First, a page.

We are happy and excited...
I do generally like being pregnant until about month 7 when a rather normal-sized bump turns Godzilla sized!
The whines and moans of pregnancy and our battle wounds turn into the most hilarious conversations with women, don't you find?!
I have always found this so funny.
We ladies LOOOOOVE to talk about pregnancy, birth and all of the trauma that goes with it!
I love it...I am a big talker about how big my babies are...10lbs 5oz and 9lbs 12oz....oh yah LARGE.
The biggest debate I find...one that can often get a little heated is to:
Epidural or "au-natural."
Being American and having worked for several years in the medical field, epidurals were pretty much the norm to me.
For the most part, most American hospitals have an 85% epidural use rate for labors.
I had no idea when I moved to England how un-common getting an epidural was!
Only 25% (in general) get epidurals.
Now I don't really know why that is.
I've got theories but nothing concrete.
From conversations I have had with most English women regarding this, it seems there is a lack of information about how an epidural works and that it is NOT actually a scary thing.
BUT the biggest thing I have found is the unwritten feeling behind what is considered a strong woman versus a weak one.
So you can imagine when my first pregnancy arose what kind of opposition (oh yes..opposition) I had when I started talking birth plans.
My routine midwife (sidenote: in the UK you see a midwife for appts versus a OB/GYN), always told me that because I was tall I would labor easily and that it would be "SUCH A SHAME" if I decided to go the epidural route.
I was even told (more than twice) that if I got an epidural it would keep me from bonding with my baby.
Now, at this point, I had NEVER had a baby so I didn't know if I could go it alone or if I would need some help.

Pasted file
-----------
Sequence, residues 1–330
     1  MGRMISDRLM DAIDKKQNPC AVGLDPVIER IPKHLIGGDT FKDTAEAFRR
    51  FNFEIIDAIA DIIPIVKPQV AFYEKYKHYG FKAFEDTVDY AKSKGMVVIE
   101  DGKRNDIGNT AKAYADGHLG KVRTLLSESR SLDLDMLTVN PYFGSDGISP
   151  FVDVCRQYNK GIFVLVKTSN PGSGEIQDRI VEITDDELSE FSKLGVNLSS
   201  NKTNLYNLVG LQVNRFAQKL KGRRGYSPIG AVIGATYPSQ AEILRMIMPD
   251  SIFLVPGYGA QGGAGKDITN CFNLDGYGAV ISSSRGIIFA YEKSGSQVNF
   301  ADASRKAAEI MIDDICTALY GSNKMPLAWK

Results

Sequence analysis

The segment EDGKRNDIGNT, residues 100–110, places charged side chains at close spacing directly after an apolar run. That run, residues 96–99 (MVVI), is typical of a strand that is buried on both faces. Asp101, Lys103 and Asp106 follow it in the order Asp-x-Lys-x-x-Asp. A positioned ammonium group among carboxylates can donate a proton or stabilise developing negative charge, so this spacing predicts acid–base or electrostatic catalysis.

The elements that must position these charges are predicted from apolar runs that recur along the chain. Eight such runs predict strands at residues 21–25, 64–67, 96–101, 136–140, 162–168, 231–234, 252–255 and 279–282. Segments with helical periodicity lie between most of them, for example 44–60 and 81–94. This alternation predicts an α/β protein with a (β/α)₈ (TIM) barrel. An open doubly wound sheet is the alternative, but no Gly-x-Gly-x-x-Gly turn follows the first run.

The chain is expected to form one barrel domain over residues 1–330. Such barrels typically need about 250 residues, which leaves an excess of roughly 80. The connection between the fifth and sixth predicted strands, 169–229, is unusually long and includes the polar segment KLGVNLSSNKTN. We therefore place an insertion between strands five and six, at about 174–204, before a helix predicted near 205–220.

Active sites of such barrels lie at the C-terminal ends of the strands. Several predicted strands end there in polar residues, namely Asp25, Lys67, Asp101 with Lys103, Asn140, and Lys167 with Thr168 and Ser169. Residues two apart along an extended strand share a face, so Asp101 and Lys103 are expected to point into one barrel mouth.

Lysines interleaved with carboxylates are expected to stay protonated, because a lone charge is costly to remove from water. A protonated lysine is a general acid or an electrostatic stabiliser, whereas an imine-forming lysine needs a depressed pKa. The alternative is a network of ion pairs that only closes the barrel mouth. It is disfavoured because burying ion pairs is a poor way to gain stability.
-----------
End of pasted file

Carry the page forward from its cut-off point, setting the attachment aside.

I was certainly up for giving it a try.
All I knew was that I wanted the option if it came down to it!
When it came down to 6cm...I had enough.
Epidural it was.
That lovely man of an anthesiologist came in and delivered the goods.
My stress level went down, my husband and I played games and watched movies while
we waited for the "space" to have our baby.
Considering the issues I had after the birth of our first, it was a great blessing!
Now that is what works FOR ME.
I figure motherhood and life is stressful and hard enough...why not do one of those mothering tasks a little bit less complicated?
I know plenty of women who feel they have more control with natural labor and some who really don't like needles and can't handle the thought of having one in their back....there are plenty of reasons why.
Everyone is different and what works for one might not work for another.
I am all for WHAT MAMA WANTS MAMA SHOULD GET...whatever that may be!
I get a lot of grief here for not going the "natural" route.
I've been told I'm a "weenie" and "not tough" for getting epidurals.
While aggravating as these comments may be, I am smart enough to know that the true mark of a tough mom doesn't lie in just the moment of giving birth.
It's in EVERY DAY the day after you have that baby.
The sleepless nights, changing nappies, feeding, clothing, soothing,
the growing, the worrying (oh heavens the worrying!), the cooking, the solving of the whining,
the disciplining, the right kind of rearing, the shear strength to take on everyday!
This is the only list that I am POSITIVE never ends!
Oh you mom's know what I am talking about, right?!
The beginnings of the babe.....
the rockings at night....
the moments that make you cry....
the times that make you laugh.....
the ones that make you want to scream.....
All adding up to a few of these....
Trust me...giving birth is only the beginning.